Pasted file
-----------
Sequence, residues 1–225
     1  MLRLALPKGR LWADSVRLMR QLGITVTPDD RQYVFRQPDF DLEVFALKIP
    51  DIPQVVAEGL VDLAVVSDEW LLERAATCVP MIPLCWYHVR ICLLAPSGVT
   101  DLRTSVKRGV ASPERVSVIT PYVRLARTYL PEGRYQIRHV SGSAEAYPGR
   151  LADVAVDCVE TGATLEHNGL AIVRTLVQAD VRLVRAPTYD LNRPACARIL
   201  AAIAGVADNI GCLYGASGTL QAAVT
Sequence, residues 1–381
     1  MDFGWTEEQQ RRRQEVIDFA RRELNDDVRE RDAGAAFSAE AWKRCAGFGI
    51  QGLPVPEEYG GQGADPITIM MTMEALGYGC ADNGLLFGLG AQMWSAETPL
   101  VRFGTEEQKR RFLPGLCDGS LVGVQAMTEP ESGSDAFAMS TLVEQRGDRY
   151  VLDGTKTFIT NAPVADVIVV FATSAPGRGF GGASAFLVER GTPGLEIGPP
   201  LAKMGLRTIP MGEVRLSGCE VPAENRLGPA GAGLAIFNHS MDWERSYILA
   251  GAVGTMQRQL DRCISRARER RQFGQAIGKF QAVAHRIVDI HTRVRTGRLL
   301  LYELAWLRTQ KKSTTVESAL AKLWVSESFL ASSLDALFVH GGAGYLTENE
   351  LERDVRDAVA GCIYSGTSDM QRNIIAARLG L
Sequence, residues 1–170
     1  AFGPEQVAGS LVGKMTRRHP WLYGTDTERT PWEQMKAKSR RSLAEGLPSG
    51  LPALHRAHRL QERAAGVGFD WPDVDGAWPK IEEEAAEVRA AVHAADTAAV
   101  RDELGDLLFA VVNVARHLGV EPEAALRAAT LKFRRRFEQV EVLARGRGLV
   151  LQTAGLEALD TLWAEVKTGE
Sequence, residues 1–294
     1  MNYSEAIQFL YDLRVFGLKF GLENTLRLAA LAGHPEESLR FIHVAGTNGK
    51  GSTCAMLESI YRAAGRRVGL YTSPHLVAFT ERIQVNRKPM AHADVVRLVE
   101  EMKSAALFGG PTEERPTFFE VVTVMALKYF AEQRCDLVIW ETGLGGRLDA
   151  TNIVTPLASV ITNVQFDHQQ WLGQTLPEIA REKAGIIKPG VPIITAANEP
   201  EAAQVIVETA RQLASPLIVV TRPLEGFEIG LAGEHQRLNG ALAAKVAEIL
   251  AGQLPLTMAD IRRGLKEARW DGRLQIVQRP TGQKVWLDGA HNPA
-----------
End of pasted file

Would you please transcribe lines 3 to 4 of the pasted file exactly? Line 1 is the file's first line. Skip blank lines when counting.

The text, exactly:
    51  DIPQVVAEGL VDLAVVSDEW LLERAATCVP MIPLCWYHVR ICLLAPSGVT
   101  DLRTSVKRGV ASPERVSVIT PYVRLARTYL PEGRYQIRHV SGSAEAYPGR